“I remember nothing about that day,” said Mr Ruck. “There are a couple of bits from the days before, but that’s it. The first thing I remember is waking up in hospital and wondering what was happening.”

Mrs Ruck added: “I couldn’t visit him in hospital because of Covid, so I was just waiting by the phone.

“Now he’s home we keep saying how lucky we are that this didn’t happen when he was on his own.”


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HGV ban welcomed on Angus street serving dual primary school campus

© Dougie Nicolson/DCT MediaTrucks over 7.5 tonnes will be banned from Arbroath's Hayshead Road.
Trucks over 7.5 tonnes will be banned from Arbroath’s Hayshead Road.

HGVs are to be banned from passing a new dual-primary Angus school campus in a long-awaited safety move against rat-run traffic.

A 7.5 tonne weight limit will come into force on Arbroath’s Hayshead Road as part of a scheme which will also see a speed limit cut for all vehicles on what will become the main alternative lorry route.

Bin lorries and trucks serving properties on the street will be exempt from the new restriction.

Hayshead Road is frequently used as a short cut by truckers heading off the A92 Montrose Road – which runs right through the town – to the Cliffburn and Seaton areas, as well as the village of Auchmithie.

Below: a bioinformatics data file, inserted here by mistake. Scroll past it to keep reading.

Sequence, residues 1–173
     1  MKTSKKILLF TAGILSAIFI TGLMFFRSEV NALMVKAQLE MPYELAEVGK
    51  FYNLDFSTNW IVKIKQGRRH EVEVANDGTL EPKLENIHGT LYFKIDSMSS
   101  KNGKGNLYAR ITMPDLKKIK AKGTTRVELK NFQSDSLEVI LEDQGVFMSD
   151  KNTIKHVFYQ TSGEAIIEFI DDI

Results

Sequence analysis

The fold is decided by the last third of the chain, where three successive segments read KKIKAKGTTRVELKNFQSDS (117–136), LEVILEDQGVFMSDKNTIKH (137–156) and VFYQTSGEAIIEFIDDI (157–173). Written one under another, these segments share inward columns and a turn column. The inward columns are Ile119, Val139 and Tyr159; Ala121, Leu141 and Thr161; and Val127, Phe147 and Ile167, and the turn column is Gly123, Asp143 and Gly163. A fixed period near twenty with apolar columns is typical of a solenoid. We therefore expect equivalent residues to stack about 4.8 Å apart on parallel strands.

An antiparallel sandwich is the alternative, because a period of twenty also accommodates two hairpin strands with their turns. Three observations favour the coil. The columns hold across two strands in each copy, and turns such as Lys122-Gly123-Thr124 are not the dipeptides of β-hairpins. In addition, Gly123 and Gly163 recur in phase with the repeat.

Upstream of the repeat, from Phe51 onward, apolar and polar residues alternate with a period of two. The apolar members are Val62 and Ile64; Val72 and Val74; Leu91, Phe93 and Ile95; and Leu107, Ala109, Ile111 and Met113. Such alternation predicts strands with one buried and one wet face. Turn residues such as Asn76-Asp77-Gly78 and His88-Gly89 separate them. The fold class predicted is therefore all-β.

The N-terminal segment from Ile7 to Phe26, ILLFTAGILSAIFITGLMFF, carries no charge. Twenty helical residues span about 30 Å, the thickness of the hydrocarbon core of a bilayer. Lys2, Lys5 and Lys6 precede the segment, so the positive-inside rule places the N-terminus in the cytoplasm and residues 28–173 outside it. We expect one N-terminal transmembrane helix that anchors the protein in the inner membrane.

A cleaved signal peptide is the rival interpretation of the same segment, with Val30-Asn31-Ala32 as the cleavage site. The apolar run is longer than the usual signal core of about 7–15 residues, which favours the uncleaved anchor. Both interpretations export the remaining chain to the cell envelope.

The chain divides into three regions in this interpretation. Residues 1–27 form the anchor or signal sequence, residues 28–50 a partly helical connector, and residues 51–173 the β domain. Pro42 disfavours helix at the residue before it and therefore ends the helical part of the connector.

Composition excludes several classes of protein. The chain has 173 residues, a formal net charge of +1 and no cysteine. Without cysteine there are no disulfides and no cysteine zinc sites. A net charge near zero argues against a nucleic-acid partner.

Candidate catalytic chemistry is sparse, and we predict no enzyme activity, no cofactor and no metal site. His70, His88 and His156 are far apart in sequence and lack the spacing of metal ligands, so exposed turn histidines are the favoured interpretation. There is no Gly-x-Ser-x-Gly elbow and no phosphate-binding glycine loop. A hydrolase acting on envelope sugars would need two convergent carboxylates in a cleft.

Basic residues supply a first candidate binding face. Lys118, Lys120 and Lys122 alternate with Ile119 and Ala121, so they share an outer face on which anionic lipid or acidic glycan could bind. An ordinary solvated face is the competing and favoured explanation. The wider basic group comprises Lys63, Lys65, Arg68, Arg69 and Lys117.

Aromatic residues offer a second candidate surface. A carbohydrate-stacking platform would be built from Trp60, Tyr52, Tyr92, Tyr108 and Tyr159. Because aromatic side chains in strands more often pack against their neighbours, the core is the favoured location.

The weight limit move was brought in following the February opening of the £14million Abbey View campus which brought together Hayshead and St Thomas RC primaries on the site of the former Hayshead school.

Angus communities convener, Councillor Mark Salmond also brought forward an additional plan which will see the 60 miles per hour limit on Bearfaulds Road, off the A92 and linked to Seaton Road, cut to 40mph.

“I was concerned about the displacement route for lorries which will come in with the weight limit reduction on Hayshead Road because those roads are currently de-regulated to 60,” he said.

“Bearfaulds is the obvious road for lorries to take, past the Meadowbank Inn, and it is a busy road on the main route to Seaton caravan park and Auchmithie.

“This gives us the opportunity to go one step further in improving road safety,” he said.

Arbroath East and Lunan Independent councillor Lois Speed said: “A number of constituents have contacted me and it is vital we listen to our residents.

“Hayshead Road services the new campus and has the potential to be a key active travel route so it is important that we make it as safe as possible for children and all other users.”

A large number of houses have been built on the east side of the town and Ms Speed also plans to press housing developer Stewart Milne to finish a footpath in the area to improve residents’ safety.

Montrose councillor Bill Duff said: “I’ve a slight concern that we are going to be inundated with requests to ban trucks from here, there and everywhere.

“We are going to get a number of random requests and I would have thought there may have been some merit in having these filtered through our road safety member/officer group.”